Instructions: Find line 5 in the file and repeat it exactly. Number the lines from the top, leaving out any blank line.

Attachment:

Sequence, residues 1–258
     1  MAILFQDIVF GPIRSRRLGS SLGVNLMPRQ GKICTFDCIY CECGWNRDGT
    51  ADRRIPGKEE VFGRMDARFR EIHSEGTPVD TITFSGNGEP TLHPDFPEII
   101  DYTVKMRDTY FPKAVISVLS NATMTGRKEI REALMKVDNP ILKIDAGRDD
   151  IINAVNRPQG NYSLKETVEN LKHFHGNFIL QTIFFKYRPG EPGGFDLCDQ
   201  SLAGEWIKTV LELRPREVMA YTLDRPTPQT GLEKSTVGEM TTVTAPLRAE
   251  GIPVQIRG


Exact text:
   151  IINAVNRPQG NYSLKETVEN LKHFHGNFIL QTIFFKYRPG EPGGFDLCDQ